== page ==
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No, GOP, Joe Garcia isn't for "cozying up" to Venezuela's regime; he's backing sanctions


Picture_12Blood has spilled in Caracas.  Righteous anger, protests and calls for sanctions abound from Venezuela to Miami-Dade to Washington. 

But it's also election season. And with it comes the temptation to mix blood and politics.

That can be toxic, or at least counterproductive.

And so we come to the Miami-Dade Republican Party's email that says "Our Venezuelan brothers and sisters want and deserve a free and democratic country and the Republican Party stands with them. Unfortunately, Joe Garcia and the Democrats continue a policy of cozying up to America's enemies like Nicolas Maduro and abandoning our freedom-loving allies."

The first sentence is true. Gov. Scott, Sen. Marco Rubio and Lieutenant Gov. Carlos Lopez-Cantera held a Friday event in Doral that clearly showed the state's GOP leadership supports the cause of Venezuelan liberty and an end to Maduro's reign.

The second sentence is false. Garcia, a Democratic U.S. representative, is not backing "a policy of cozying up" to the government in Caracas.

Garcia actually has signed on to a letter proposed by Republican Rep. Ileana Ros-Lehtinen that asks President Obama to impose sanctinos on Venezuela. The sanctions are nearly identical to the sanctions legislation that Rubio has introduced in the U.S. Senate and that he and Scott touted to cheers from the Venezuelan exiles on Friday. 

“I do think individual sanctions against people who are violating human rights make sense,” Garcia told The Tampa Tribune.

Also, Garcia is a co-sponsor of a Republican resolution that condemns Venezuela's actions and calls on the international community to bring democratic reforms. That resolution passed Friday.

It's an interesting twist to accuse Garcia of sidling up to the regime when he backs a Republican measure to punish it. And consider history as well: when Garcia ran the Cuban American National Foundation, the Venezuelan government under Maduro's predecessor, Hugo Chavez, accused the group of plotting a coup in 2004. And in 1999, Fidel Castro accused CANF of trying to assassinate Chavez.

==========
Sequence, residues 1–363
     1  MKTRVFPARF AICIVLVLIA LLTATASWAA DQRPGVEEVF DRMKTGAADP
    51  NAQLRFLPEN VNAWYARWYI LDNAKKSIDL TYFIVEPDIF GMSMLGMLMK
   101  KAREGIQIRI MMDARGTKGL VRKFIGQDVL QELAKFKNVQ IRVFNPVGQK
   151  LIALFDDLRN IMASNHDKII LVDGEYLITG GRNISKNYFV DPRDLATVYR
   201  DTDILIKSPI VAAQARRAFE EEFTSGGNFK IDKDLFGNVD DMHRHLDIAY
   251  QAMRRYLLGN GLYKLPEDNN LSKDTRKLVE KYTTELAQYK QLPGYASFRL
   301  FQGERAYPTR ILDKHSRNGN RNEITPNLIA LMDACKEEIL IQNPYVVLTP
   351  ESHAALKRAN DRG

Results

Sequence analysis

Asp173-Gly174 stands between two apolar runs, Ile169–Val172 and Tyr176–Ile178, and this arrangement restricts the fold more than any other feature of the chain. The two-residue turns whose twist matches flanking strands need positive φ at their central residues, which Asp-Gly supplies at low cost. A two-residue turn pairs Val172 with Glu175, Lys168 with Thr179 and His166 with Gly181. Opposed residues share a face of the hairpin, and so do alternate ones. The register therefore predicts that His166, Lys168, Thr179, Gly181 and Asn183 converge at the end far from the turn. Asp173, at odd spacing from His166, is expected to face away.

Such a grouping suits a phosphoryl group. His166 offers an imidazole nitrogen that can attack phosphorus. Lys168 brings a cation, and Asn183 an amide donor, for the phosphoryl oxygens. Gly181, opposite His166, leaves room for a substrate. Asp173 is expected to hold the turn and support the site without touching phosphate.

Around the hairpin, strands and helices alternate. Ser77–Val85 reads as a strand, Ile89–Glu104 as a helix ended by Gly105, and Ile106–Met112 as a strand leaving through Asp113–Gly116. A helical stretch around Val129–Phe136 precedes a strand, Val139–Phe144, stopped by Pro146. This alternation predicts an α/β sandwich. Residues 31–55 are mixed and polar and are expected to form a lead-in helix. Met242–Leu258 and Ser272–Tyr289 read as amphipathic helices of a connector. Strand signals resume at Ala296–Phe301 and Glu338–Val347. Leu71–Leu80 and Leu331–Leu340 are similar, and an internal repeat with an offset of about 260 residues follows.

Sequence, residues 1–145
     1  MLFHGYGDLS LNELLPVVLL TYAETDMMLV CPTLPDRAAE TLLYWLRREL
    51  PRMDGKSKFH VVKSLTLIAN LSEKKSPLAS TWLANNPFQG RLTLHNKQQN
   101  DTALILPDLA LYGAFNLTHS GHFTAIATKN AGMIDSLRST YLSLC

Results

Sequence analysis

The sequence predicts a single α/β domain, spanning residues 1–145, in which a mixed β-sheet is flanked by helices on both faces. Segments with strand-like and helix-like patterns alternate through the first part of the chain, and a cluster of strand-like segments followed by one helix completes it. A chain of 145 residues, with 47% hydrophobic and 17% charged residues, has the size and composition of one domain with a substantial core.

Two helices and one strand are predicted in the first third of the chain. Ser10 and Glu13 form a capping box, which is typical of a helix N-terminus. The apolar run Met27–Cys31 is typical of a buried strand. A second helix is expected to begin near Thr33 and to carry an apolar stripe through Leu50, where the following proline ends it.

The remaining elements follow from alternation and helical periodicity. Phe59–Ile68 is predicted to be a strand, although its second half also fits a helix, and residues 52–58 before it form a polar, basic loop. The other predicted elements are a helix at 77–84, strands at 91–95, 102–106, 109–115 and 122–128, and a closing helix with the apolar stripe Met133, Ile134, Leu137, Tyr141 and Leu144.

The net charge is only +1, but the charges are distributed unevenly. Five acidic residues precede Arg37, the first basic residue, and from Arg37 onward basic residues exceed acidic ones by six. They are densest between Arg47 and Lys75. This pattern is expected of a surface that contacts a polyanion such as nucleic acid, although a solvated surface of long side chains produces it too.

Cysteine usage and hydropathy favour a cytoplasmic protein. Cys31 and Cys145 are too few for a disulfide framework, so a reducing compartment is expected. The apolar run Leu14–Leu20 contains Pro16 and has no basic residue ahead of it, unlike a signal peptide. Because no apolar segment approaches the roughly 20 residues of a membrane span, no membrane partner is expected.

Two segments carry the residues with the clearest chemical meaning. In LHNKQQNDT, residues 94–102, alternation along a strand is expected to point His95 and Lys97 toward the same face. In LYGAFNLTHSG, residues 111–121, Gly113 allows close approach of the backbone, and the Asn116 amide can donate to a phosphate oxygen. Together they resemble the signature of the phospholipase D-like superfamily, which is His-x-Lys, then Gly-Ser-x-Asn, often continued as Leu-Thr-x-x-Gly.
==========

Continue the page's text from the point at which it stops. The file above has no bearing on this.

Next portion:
But those stories were years ago. Garcia's support for Venezuela sanctions happened this week. And it didn't occur in a vacuum. It was reported first, right here on The Naked Politics blog. And Democratic Sen. Bill Nelson has backed Rubio's bill in the Senate.

Also, on Monday, Garcia called on President Obama in a letter to help with the immigration status of Venezuelans. That was in The Miami Herald, too. And, what's more, he had a Tuesday press conference where he reiterated that call. It was covered by The Herald, the Associated Press, Reuters and 10 TV news outlets.

So when the Miami GOP email says "President Obama, Joe Garcia and the Democratic party are nowhere to be seen..." it's just not the case.

At the Republican event Friday in Doral, Venezuelan activists and immigrants praised Rubio and Garcia. They mentioned both politicians of their own accord. At that event, Rubio echoed Garcia's call on immigration. 

It is true that Garcia initially stopped short of calling for sanctions against Venezuela because, at the time, the penalties targeted oil. Rubio didn't support oil sanctions, either. The oil language is all gone.

Can an argument be made that Obama hasn't done enough? Sure. Gov. Scott made that case Friday, as we reported as well. He pointed out that he told the president at a governor's association meeting Monday that the administration should call for sanctions. So far, that hasn't happened. 

And Rubio, certainly according to many nonpartisan Venezuelans, was right to criticize former Secretary of State Hillary Clinton for making what the Republican called "muddled remarks" on Venezuela. That, too, was covered.

Can an argument be made that Garcia should have been more vocal in calling for sanctions? Definitely. And he can easily be bashed for backing a president who, in the eyes of many, has said too little about Venezuela.

Garcia's Republican opponent, Miami-Dade School Board member Carlos Curbelo, made an issue of the Venezuela ties of a financial backer of the congressman. We covered that, too.

Garcia's supporters thought that last story was unfair of us because they believed Curbelo's criticism was off base. But that ignores the role of a neutral press. We allow people to make up their own minds when the facts are in dispute. And in our paper and on this blog, we give wide latitude to rhetoric and interpretations of the facts. There is a big margin of hyperbole in politics. And, yes, we often report in a he-said-she-said manner despite the condemnation of partisans and the insufferable ivory-tower elite who call for a new journalism without doing an ounce of real daily work themselves.

But once in a while, one side strays outside the boundaries of hyperbole into the margin of error. That's what's happening here. It's being noted here to explain why this attack won't be reported in a he-said-she-said fashion. It's because the facts are not in dispute. This claim is just wrong.

Garcia is not supportive of cozy relations with Venezuela. It's not true to say he was nowhere to be seen when he was seen. It was seen in the pages of the newspaper, on the computer screen of this blog and on TVs everywhere.

The only way not to know that is to shut your eyes, close your ears and refuse to watch TV or read.

But if partisan critics are going to be deaf and blind, they should at least be mute. Talking without the facts is a dangerous way to campaign. It's bad for our politics.

And it does nothing to advance bipartisan action on Venezuela.